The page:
Youth groups across the country are feeling the squeeze from record-high energy prices as they budget their annual trips around the U.S. and abroad.
In New Jersey, one youth orchestra's dilemma is typical of what faces travelers at the hands of airlines and tour operators who see no choice but to pass on their higher costs.
"[A trip to Austria] is wonderful and exciting for these kids, but it's just a huge challenge to make sure it's affordable," said Barbara Goldberg, the president of the Youth Orchestras of Essex County, which has been planning for nearly a year to perform in Austria in June 2009. "They work so hard and they deserve to have opportunities."
Despite planning far ahead – Goldberg's group has been organizing the trip since September 2007 – the recent surge in prices for everything from aviation fuel to baggage surcharges has made the going rough.
"The oil prices and airline fuel prices have shot up and now they're charging for baggage on planes, which is a real issue for us," said Goldberg, who added that in addition to suitcases for their personal belongings, all of the children will also be responsible for transporting their own instrument – some as large as a cello.
"We may have to rent [instruments] overseas," said Goldberg, who said she originally set the trip's budget at $3,300 per member, and now thinks she may need every penny of it.
"$3,000 was a ballpark figure that we set high, thinking the families would be happy when the trip was under that – but now I don't know," said Goldberg.
Goldberg plans on taking around 40 young musicians on the trip – ranging from third graders to high school seniors. Even with the fundraising the orchestra has been doing – some members play music at their local train stations during rush hour to make a few bucks – Goldberg said that there are a few families whose plans to send their children on the trip are currently "on hold."
"They just don't know where the economy is going," said Goldberg.
Travel Agents Suffer, Too
Luke Wiscombe, the national marketing director for Music Celebrations International, which is helping Goldberg plan her orchestra's trip, said that the number of cancellations has soared since the economy began to sag.
"We're being hit hard by cancellations," Wiscombe said of trips planned for 2009. Most of this year's trips have already been paid for, he said, and so customers are sticking to their plans.
Wiscombe said he expects more journeys to remain in the U.S. rather than aboard, where the dollar is weaker and the flights far more expensive with fuel surcharges in the hundreds of dollars per ticket.
"Some groups travel every other year or alternate between international and domestic trips," said Wiscombe. "Now they're making it once every three years."
Destinations like New York City and Toronto are also replacing trips abroad because groups think they can get an "international experience" without the high costs.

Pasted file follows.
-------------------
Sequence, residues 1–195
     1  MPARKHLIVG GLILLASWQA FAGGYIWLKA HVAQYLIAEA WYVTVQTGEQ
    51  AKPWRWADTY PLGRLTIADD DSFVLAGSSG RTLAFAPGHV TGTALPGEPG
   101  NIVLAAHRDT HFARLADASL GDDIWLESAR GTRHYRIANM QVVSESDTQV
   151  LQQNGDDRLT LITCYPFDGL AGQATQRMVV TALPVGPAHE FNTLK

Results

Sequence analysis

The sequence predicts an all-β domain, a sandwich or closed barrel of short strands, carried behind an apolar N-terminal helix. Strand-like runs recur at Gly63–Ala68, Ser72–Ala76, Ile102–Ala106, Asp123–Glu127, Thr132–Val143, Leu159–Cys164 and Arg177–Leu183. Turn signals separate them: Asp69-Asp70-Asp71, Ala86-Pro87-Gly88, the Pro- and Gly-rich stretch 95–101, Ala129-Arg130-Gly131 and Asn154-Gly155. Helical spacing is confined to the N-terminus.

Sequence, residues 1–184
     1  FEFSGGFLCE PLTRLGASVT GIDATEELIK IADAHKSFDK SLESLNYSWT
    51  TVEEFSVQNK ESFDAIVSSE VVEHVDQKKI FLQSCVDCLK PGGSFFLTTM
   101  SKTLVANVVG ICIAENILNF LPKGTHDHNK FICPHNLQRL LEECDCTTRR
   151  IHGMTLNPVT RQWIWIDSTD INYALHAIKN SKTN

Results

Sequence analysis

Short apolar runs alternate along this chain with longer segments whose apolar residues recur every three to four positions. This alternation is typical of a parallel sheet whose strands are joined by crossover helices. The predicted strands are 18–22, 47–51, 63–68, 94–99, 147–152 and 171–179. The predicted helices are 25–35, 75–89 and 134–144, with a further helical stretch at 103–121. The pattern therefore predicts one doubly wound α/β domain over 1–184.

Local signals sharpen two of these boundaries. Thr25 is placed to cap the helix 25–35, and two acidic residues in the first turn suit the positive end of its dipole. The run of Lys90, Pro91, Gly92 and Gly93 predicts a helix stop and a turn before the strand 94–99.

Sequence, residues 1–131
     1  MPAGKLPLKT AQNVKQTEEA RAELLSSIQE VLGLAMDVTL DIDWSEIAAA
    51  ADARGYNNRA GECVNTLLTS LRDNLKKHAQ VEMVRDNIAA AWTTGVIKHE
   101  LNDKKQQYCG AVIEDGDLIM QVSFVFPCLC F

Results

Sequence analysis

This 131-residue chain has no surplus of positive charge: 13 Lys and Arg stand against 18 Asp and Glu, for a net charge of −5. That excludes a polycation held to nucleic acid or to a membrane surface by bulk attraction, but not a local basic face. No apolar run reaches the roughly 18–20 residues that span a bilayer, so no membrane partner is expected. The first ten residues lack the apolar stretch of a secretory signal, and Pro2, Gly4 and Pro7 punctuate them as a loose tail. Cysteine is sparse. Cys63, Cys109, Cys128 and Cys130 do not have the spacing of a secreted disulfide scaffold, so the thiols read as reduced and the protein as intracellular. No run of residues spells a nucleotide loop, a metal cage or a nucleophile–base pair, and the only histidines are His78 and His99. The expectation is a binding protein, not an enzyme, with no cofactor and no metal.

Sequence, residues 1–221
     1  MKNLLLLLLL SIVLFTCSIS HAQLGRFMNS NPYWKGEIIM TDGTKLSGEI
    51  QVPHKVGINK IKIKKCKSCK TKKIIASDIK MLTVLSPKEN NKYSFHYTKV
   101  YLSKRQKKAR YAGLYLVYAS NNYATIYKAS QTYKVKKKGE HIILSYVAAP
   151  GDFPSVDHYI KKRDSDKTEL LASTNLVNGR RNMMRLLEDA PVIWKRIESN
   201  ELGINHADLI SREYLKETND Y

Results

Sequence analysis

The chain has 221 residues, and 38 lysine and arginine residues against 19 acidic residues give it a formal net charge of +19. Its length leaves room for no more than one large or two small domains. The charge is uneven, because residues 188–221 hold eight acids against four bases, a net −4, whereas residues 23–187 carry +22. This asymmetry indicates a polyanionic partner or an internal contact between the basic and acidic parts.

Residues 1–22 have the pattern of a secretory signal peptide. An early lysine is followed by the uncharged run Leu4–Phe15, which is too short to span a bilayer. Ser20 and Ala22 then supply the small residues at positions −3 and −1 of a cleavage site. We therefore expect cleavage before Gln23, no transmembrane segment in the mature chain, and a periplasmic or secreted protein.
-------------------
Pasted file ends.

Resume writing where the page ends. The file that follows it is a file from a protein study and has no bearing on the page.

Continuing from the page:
Owner of Youth Group Travel Robert McLaughlin told ABCNEWS.com that many of his clients – the majority of whom are youth groups or church groups – are turning sour on the idea of traveling outside of the U.S.
"Traveling is complicated and it's scary," said McLaughlin. "[High prices] are putting a damper on long distance travel, especially when it involves airfares."
We Won't See You Next Year
And while McLaughlin said that he hasn't seen too many clients backing out of trips yet, he too expects 2009 to be much worse.
"You're going to see a change in the sense that instead of flying maybe they'll get a motor coach or take the group somewhere more local," said McLaughlin, whose company is based in Nashville, Tenn. "They'll do something smaller."
But even renting buses is getting more expensive, said McLaughlin, who estimated that a one-day bus trip that would usually cost $1,000 now costs 8 to 9 percent more because of the cost of diesel.
For only the second time in its 42-year history, Bob Musiker, co-owner of a popular summer tour program for teens, says he's had to charge participants an extra $25 to combat rising fuel costs.
"It's an energy cost adjustment," said Musiker of the surcharge. "It goes toward bus trips because bus companies have given us three or four different fuel surcharges since the early spring, plus putting gas in our own vans for day trips."
Even so, Musiker told ABCNEWS.com that the extra fee doesn't "come close" to recovering the increased costs absorbed by the company.
So for now, Goldberg says she's going to remain optimistic that her young musicians get the trip they've been practicing for.
"It would be a huge disappointment [if everyone didn't go], said Goldberg. "There's a lot of excitement in the orchestra, this is a big deal for them."